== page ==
Spain passes bill to help legalize foreign workers

MADRID (AP) — Spain on Tuesday eased requirements for foreign laborers without legal documents in an effort to bring thousands of workers into the official labor force and regulate jobs in understaffed sectors including the hospitality and farming industries.

The government decree reforms an existing immigration law and makes it easier for Spanish employers to hire workers from their home country. It also eases work permit requirements for workers already settled in Spain.

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MADRID (AP) — Spain on Tuesday eased requirements for foreign laborers without legal documents in an effort to bring thousands of workers into the official labor force and regulate jobs in understaffed sectors including the hospitality and farming industries.

The government decree reforms an existing immigration law and makes it easier for Spanish employers to hire workers from their home country. It also eases work permit requirements for workers already settled in Spain.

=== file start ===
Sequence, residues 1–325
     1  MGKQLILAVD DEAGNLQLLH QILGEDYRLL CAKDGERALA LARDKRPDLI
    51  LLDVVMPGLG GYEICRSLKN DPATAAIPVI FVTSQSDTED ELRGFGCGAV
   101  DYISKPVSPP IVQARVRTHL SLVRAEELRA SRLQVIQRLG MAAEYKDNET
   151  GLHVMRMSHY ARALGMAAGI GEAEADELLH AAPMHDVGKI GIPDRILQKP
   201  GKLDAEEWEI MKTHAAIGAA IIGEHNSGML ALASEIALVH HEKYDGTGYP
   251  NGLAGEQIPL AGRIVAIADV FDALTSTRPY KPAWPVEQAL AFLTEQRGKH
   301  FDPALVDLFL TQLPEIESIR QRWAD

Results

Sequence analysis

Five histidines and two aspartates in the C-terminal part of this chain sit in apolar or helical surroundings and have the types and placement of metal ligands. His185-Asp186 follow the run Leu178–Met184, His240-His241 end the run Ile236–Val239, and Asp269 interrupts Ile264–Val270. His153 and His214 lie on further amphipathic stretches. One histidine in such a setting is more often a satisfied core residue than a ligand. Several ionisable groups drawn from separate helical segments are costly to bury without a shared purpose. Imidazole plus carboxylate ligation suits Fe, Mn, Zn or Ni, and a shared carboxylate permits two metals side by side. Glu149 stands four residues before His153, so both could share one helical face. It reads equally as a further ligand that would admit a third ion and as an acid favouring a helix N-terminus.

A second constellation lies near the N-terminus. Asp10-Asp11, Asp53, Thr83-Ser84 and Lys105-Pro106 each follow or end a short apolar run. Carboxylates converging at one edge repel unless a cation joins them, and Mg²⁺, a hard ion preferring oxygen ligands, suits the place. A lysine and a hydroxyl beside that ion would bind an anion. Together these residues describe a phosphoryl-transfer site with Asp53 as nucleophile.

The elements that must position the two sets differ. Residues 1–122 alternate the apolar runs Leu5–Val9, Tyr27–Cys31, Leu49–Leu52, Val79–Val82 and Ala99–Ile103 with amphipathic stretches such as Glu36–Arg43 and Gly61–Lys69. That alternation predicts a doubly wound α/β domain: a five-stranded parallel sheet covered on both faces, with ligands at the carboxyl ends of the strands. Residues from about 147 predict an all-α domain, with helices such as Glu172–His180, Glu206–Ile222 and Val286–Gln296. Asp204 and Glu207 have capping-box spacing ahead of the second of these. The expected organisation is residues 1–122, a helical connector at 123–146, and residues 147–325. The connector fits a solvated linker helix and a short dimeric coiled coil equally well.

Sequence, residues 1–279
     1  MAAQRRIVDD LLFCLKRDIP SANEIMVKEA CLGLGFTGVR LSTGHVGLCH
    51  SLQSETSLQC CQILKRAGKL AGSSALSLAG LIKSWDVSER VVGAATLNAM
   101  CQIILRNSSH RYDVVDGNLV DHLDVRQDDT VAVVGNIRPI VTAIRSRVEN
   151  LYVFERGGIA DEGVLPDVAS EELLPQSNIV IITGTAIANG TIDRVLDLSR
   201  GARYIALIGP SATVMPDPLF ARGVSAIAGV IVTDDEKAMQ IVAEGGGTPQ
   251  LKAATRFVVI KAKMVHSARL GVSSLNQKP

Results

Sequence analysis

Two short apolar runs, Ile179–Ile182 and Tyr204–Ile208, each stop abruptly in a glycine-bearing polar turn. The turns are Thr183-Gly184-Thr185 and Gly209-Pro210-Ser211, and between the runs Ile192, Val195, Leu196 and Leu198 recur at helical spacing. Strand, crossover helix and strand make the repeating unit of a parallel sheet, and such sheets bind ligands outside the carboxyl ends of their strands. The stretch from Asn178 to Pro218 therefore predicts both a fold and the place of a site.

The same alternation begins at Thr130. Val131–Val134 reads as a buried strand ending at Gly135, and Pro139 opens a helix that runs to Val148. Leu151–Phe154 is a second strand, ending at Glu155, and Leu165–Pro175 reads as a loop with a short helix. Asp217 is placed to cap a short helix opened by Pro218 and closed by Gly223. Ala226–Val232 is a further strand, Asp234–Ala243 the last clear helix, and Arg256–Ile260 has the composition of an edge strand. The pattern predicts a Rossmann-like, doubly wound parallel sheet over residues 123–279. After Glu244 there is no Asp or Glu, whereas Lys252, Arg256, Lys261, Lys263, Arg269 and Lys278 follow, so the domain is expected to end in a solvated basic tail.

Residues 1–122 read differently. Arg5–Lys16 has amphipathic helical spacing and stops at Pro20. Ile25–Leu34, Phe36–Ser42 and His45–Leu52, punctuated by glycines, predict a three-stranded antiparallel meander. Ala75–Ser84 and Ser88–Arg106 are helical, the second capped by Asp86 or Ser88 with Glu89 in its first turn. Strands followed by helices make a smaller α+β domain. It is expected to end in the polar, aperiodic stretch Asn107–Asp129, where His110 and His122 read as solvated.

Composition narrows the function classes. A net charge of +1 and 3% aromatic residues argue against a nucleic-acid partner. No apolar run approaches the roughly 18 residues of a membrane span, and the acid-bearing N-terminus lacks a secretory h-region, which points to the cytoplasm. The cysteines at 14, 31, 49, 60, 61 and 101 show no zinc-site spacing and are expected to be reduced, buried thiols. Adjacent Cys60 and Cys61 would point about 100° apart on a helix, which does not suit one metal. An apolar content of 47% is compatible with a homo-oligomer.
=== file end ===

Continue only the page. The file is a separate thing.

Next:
The Migration Ministry acknowledged that previous procedures were “often slow and inadequate”, leading to high social and economic costs for the country.

There are an estimated 500,000 people working in Spain’s underground economy.

“These measures will provide us with better tools to tackle the challenges posed by migration,” Social Security and Migration Minister José Luis Escrivá said at a press conference following the government cabinet meeting that approved the bill.

Foreign workers who have lived in the country for two years or more can seek temporary residency papers by enrolling in training courses for jobs in high-demand sectors.

International students will be able to start work in Spain at the end of their studies instead of waiting for three years. Foreign students will be also allowed to work up to 30 hours a week while studying. Foreigners who can show they have been in Spain for at least two years and have worked without papers for at least six months can also seek work permits.

Escrivá said the ministry will update a list of job areas needing workers to provide a more exact picture of the labor market. Sectors like hospitality and agriculture are traditionally understaffed in Spain and businesses often resort to migrant laborers without documents.

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